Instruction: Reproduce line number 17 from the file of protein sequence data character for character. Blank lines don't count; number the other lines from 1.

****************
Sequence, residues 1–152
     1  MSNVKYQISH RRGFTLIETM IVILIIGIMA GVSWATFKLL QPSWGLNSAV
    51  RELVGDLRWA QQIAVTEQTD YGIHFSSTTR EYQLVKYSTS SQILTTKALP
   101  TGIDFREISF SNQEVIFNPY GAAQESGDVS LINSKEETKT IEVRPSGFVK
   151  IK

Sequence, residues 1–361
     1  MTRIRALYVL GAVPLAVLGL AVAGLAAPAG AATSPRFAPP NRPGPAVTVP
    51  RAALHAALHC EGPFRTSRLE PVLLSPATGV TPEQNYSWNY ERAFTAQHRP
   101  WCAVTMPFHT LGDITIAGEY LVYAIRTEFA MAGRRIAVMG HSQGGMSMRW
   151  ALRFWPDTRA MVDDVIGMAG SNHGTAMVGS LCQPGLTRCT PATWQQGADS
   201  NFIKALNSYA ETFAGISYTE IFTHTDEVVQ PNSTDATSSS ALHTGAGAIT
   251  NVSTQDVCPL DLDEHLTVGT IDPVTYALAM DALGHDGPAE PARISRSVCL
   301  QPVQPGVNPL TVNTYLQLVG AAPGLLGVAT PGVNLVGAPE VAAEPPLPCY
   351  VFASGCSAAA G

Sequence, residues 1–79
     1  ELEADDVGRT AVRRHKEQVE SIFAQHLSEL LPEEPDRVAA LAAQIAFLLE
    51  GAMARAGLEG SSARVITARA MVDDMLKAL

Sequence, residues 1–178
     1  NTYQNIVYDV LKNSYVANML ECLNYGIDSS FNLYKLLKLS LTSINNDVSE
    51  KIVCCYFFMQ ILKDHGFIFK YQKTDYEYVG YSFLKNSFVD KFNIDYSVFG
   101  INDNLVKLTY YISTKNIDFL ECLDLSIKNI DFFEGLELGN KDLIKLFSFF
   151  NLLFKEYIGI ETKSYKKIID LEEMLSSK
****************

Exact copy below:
    51  GAMARAGLEG SSARVITARA MVDDMLKAL